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Long Island Mega Millions winner still a mystery

Sonny Zaveri, owner of Cards & Things at

Sonny Zaveri, owner of Cards & Things at 346-50 Rte. 25A in Rocky Point, sells lottery tickets to a customer. His store sold the largest lottery jackpot ticket on Long Island in the history of the New York Lottery, officials said. (Dec. 23, 2009) Credit: James Carbone

Seven days have gone by and the largest single-ticket winner in New York in the history of the Mega Millions game has yet to come forward, lottery officials said Monday.

"It's not uncommon for big winners to take some time," spokeswoman Jennifer Givner said. "It makes sense; $162 million is a life-changing figure."

Givner said many big winners - including a $133-million Mega winner from July - seek financial and legal advice before submitting their ticket for validation. The winner has a year from the date of the drawing to come forward, she said.

The winner of the $162-million prize for the Dec. 22 drawing bought the ticket at Cards and Things in Rocky Point, lottery officials said last week. The winner - or group of winners - holds the largest winning ticket sold on Long Island in the history of the New York Lottery.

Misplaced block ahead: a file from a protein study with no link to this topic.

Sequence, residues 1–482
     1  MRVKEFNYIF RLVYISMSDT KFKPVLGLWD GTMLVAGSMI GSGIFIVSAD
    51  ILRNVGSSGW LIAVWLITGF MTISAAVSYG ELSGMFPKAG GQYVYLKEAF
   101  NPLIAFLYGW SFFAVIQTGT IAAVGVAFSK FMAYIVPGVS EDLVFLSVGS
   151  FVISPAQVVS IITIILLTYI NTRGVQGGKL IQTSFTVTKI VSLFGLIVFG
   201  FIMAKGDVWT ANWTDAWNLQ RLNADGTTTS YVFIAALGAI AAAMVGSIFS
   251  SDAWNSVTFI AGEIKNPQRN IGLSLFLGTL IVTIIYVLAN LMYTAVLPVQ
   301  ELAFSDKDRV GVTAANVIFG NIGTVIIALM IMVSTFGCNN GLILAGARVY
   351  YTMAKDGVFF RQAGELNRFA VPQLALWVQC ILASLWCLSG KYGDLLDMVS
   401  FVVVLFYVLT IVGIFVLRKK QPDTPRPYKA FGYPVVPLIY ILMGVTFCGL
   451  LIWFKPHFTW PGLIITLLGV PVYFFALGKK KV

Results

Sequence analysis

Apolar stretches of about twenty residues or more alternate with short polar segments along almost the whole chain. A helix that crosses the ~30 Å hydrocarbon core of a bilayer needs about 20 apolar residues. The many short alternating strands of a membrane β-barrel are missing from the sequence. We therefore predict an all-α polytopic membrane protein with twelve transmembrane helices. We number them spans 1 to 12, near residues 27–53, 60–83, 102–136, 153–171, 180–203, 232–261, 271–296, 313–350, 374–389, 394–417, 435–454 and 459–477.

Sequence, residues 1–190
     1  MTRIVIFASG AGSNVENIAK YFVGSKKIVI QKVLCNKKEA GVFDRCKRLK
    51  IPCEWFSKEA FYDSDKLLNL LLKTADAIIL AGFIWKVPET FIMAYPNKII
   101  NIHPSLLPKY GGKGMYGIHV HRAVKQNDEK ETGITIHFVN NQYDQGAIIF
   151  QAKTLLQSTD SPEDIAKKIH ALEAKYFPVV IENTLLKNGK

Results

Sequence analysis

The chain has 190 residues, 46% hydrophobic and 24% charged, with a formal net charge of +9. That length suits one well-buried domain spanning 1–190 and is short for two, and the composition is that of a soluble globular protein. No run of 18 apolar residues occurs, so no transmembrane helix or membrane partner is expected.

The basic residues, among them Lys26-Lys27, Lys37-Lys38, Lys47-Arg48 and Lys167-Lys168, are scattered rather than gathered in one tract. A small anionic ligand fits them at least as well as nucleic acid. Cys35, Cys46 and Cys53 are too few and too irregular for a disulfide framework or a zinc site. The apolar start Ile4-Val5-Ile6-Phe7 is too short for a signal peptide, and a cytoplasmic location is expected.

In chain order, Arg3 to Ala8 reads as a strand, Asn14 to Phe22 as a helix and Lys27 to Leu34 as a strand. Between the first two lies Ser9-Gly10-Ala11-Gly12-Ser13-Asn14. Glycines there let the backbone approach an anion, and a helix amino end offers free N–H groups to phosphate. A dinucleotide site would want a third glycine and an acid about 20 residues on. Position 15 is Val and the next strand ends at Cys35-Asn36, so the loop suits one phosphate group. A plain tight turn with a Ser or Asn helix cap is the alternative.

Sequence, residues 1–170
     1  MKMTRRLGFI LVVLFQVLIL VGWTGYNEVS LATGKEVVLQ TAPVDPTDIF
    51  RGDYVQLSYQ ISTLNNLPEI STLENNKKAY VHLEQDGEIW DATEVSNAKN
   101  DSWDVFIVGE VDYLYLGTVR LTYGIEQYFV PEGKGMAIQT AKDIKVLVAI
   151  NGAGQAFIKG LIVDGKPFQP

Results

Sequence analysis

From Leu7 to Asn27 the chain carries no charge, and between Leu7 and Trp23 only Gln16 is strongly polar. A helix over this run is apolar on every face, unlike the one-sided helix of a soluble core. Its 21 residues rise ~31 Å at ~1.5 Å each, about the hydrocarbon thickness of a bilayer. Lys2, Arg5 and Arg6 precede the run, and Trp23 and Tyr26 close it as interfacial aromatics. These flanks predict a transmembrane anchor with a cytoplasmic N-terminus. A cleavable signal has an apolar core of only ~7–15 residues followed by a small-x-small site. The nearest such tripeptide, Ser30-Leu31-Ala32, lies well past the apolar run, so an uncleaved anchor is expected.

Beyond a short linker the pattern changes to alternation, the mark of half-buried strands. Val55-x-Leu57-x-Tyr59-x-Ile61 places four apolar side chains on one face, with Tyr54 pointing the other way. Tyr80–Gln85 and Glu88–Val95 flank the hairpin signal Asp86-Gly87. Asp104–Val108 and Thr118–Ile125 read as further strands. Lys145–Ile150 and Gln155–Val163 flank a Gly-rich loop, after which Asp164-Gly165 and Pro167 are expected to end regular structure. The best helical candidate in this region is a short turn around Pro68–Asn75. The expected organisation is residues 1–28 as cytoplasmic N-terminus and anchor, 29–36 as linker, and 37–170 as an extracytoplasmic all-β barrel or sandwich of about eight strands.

The Rocky Point store, which gets $10,000 for selling the winning ticket, has become the meeting place for locals to gossip about who the winner could be, said employee Joyce Hegedus.

"I've heard so many stories; I can tell you 20 stories," she said. "I can write a book."

Workers and customers also speculate about how the winner will spend the money and who sold the ticket, Hegedus said. Customer Angela Firoz of Ridge said she believes the winner is "nobody famous, just a hardworking man."

The winner matched all six numbers - 3, 33, 35, 39, 45 - and the Megaball, 13. The winner played a Quick Pick and chose a lump sum, expected to be more than $100 million before taxes.

On July 7, Aubrey Boyce, 49, an MTA worker from Queens, purchased the winning ticket in a $133-million Mega drawing; he did not come forward until July 22. He took time to set up an asset management trust fund to handle his winnings, according to news reports.

The lottery does not calculate the average time it takes winners to come forward, Givner said.

"We're not in a rush for that individual," she said, adding that three New York Mega Millions winners have not come forward since 2002. "We want them to do whatever they have to do first."


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